Show Less

Institutional and Livelihood Changes in East African Forest Landscapes

Decentralization and Institutional Change for Sustainable Forest Management in Uganda, Kenya, Tanzania and Ethiopia

Edited By Franz Gatzweiler

This book presents research articles and essays which analyze the consequences of decentralization on forest conditions and livelihoods in Uganda, Kenya, Tanzania and Ethiopia. Authors from the East African collaborative research centers of the International Forestry Resources and Institutions (IFRI) Research Program demonstrate that the institutional changes resulting from decentralization create costs for those who need to re-institutionalize and re-organize the management of forest and land resources. This requires investment into information, communication, education and into the re-building of social capital. Cases in which collective action has worked and contributed to improving livelihoods and forest conditions can be exemplary, while failures can be equally useful for learning about East Africa and beyond.


Show Summary Details
Restricted access

Introduction: Decentralization, Institutional Change and Learning for Sustainable Forest Management in Eastern Africa: Franz W. Gatzweiler and Emily Obonyo


1 Introduction Decentralization, Institutional Change and Learning for Sustainable Forest Management in Eastern Africa Franz W. Gatzweiler and Emily Obonyo Centralization as a precondition for decentralization To understand the meaning of decentralization, it is necessary to understand the importance of centralization under different types of institutions first. In addi- tion, particularly for African countries, the concept of a state-nation and the difficult trajectory from state to nation-building (Joseph, 2003) are core issues which need to be addressed in order to fully understand the challenges of decen- tralization for sustainable forest management in East Africa. The need to under- stand the history of indigenous political institutions thus becomes crucial if we are to attempt to understand the structure of contemporary African states and the complexity of institution building. The history of African pre-colonial societies especially in Sub-Saharan Afri- ca has largerly been ignored or hidden behind ‘myths’, and often regarded as devoid of any civilization (Mahtar- Mbow, 1999; Diop, 1974; Gump). However, the history of Africa north of the Sahara including the Egyptian and Nubian civilization is better known mainly because of its links with the mediteranean and the writings of ancient Greek travellers who stumbled upon these civiliza- tions and surviving transcriptions from ancient Egyptian/Nubian architecture (Brooks-Bertram, 1994). Slave trade and colonialism also contributed widely to the disintegration of communities, thus destroying some important historical facts leading to misconceptions about Africa’s socio-cultural and socio-political set- tings. Southern Africa’s history for instance is depicted by many historians by quick reference to...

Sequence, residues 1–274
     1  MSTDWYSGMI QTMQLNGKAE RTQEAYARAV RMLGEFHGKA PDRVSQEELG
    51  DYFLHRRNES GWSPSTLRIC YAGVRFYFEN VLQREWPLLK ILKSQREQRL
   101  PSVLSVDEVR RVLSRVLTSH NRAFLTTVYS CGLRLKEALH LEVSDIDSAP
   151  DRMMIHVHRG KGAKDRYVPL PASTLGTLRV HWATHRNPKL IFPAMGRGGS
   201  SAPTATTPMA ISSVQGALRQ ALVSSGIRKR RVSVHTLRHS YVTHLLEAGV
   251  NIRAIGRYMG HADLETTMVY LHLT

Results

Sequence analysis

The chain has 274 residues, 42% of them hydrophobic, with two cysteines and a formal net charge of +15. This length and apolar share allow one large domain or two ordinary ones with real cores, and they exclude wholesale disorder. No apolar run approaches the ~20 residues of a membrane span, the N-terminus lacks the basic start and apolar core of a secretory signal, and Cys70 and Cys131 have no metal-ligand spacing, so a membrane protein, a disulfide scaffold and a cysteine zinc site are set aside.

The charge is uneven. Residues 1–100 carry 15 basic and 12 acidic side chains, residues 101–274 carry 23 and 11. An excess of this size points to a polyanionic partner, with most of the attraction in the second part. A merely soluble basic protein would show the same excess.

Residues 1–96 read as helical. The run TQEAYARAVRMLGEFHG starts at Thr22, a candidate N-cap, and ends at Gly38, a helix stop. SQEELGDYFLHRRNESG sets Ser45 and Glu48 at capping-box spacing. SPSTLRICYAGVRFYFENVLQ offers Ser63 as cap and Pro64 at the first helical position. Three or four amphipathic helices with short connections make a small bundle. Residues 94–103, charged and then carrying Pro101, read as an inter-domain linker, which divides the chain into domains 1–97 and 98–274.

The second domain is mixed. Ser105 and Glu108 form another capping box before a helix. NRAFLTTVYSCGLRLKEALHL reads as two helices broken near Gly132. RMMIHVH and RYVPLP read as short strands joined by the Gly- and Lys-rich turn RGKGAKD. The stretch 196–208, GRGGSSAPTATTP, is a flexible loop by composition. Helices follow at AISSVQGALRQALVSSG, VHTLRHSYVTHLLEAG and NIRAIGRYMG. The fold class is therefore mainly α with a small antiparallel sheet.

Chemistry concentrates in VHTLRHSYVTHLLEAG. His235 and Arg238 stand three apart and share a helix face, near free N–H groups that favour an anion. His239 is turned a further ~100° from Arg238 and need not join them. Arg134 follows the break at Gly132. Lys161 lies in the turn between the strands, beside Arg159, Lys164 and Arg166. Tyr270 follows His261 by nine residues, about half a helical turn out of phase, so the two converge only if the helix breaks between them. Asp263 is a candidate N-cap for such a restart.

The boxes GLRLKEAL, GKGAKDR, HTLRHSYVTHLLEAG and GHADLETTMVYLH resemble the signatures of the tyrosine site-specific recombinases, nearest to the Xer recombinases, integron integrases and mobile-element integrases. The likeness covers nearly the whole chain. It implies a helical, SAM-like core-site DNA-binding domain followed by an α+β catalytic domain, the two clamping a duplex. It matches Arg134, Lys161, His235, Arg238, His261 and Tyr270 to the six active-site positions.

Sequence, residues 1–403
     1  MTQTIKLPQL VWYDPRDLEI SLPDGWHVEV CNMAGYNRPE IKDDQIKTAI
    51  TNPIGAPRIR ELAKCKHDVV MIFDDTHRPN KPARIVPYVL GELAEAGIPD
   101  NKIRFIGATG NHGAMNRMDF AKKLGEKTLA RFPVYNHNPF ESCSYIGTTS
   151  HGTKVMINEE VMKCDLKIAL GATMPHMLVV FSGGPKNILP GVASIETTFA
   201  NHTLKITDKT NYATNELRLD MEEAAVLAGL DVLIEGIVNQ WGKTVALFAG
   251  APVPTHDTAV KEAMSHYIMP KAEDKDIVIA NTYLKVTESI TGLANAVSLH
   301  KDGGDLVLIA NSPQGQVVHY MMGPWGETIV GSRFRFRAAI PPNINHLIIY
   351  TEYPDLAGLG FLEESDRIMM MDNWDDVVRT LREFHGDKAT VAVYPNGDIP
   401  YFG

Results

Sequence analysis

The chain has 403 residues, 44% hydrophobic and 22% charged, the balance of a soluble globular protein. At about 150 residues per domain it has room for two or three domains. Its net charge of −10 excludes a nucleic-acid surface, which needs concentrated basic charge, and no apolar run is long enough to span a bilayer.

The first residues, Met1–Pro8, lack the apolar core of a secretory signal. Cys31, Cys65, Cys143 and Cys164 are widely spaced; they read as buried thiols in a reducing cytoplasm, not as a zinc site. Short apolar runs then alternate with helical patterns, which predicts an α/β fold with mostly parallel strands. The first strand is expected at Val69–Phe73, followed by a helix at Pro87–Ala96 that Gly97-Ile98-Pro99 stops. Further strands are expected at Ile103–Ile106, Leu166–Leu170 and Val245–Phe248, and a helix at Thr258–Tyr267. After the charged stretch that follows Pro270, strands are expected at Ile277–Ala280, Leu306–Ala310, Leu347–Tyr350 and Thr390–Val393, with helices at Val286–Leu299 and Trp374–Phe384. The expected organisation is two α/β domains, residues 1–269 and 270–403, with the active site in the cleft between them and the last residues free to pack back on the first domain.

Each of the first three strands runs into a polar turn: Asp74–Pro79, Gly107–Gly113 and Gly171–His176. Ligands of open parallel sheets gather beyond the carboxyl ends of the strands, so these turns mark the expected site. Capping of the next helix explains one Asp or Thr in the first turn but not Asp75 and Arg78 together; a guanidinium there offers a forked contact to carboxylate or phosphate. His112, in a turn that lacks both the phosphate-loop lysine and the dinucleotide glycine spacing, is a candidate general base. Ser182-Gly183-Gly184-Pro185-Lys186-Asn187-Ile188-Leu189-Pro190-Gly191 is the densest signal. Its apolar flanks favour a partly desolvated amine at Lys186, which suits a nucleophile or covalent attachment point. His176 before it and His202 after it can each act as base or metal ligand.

You are not authenticated to view the full text of this chapter or article.

This site requires a subscription or purchase to access the full text of books or journals.

Do you have any questions? Contact us.

Or login to access all content.